2007 Women's Soccer Preview: Washington
Aug. 22, 2007
Courtesy: Dan Lepse, UW Media Relations
However you want to describe the process, the end result should be a much-improved Washington women's soccer team in 2007.
'Since our 2004 season we've been under construction, in a rebuilding mode. We clearly made some headway last year,' said Coach Lesle Gallimore, whose Huskies posted a 7-12-1 record last season. They finished eighth in the Pacific-10 Conference with a 2-6-1 mark.
That was a vast improvement from the 2005 season when the Huskies were winless following a 2004 campaign when they advanced to the NCAA quarterfinals.
Last season started in successful fashion as UW opened with wins in its first three games. The first two triumphs came on the road, over Hawaii and Oklahoma, securing the championship of the Ohana Hotels Tournament in Waikiki.
Some early season injuries to key players slowed the team's stellar start.'We had some injuries and our depth wasn't where we needed it to be to be a contender in the conference last year,' Gallimore explained. 'I think if we had stayed healthy we would've been a contender in the conference and a contender for the tournament.'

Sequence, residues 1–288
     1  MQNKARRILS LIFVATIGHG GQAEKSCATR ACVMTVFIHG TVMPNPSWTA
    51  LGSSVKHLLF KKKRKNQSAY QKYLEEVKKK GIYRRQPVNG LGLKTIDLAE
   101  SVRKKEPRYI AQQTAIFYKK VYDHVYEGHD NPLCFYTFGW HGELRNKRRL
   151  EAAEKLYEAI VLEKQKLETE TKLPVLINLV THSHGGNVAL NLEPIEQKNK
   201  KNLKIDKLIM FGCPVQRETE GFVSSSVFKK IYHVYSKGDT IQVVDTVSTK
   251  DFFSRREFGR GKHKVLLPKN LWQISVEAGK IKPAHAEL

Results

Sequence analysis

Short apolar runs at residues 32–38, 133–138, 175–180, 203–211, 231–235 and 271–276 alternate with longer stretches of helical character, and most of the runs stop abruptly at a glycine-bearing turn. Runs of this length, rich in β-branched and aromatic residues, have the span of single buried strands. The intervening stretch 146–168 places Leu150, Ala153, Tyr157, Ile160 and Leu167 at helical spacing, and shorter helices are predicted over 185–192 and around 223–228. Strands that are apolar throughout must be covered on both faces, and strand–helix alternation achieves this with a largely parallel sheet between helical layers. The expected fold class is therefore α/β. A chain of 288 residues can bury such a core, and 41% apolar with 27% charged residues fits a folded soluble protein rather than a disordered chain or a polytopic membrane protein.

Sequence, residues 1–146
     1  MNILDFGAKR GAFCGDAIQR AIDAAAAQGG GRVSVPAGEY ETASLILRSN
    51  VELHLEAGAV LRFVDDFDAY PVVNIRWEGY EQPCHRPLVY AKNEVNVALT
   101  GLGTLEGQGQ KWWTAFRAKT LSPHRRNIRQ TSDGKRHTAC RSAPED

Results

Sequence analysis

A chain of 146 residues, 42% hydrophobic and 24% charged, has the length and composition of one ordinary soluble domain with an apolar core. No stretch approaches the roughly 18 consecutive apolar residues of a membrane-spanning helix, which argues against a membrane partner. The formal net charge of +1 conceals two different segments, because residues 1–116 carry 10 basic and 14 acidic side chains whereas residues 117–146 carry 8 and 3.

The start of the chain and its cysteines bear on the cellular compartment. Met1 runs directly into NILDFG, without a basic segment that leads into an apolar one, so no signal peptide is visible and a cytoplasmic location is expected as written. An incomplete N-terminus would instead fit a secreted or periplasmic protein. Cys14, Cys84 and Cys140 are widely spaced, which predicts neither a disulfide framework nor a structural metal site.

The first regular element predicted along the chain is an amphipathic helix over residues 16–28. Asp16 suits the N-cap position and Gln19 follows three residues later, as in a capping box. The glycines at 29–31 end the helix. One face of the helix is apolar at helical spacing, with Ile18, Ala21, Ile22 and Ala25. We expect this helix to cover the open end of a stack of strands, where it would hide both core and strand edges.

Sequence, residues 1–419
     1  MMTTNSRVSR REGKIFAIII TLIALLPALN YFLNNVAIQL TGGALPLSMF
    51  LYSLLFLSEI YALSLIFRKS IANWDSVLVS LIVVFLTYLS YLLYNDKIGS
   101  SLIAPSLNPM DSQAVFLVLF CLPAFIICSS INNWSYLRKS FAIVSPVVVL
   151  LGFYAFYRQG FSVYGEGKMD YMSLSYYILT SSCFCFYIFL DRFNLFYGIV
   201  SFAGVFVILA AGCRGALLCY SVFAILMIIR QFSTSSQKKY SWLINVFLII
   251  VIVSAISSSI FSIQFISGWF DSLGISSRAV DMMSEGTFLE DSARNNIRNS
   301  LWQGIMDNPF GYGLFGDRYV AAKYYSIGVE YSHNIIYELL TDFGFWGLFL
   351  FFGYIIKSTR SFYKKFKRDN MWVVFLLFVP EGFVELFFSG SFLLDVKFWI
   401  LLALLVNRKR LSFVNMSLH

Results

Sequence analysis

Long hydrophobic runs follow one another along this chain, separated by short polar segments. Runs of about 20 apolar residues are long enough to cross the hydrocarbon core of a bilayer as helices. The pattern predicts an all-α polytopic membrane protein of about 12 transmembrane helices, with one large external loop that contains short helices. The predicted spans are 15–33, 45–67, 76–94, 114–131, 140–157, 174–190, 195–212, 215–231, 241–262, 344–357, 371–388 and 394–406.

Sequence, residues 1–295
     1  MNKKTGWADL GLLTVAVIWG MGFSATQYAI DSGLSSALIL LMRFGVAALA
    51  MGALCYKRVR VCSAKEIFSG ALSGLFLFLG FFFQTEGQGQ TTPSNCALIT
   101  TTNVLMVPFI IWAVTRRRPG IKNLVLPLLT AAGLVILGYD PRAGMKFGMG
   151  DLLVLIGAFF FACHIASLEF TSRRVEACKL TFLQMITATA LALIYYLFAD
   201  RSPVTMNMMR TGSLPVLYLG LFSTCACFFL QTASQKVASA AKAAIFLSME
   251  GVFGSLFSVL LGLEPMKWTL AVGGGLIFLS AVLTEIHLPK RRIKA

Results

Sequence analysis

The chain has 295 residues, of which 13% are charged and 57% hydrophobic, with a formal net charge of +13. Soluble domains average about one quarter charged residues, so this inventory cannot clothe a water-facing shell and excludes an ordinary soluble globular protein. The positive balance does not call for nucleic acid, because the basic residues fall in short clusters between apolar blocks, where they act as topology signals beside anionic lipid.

Washington returns eight starters from last year's team, including a quartet of players that started all 20 games. Katie Hall and Nikki Murray anchor a defense that limited 10 opponents to one goal or fewer.The midfield features junior Jenna Robison, a two-year primary starter, and sophomore Chelsea Bumbaugh who captured a starting berth during her first collegiate season.
The forward corps is led by junior Melissa Beal who led all Husky scorers in each of her first two seasons. Seniors Dani Bridges, Katy Dowling and Shuree Hyatt make this the most experienced unit on the team.
Hyatt was an explosive presence up front before she was lost for the season due to an injury in the eighth game. Bridges, who moves forward after starting every game as a midfielder during her first three seasons.
A cadre of newcomers will battle for playing time, including a talented nine-player freshman class. The incoming scholarship group was rated as the nation's 17th-best recruiting class by SoccerBuzz.com. That publication singled out Washington as one of four schools with a 'breakthrough 2007 signing class.'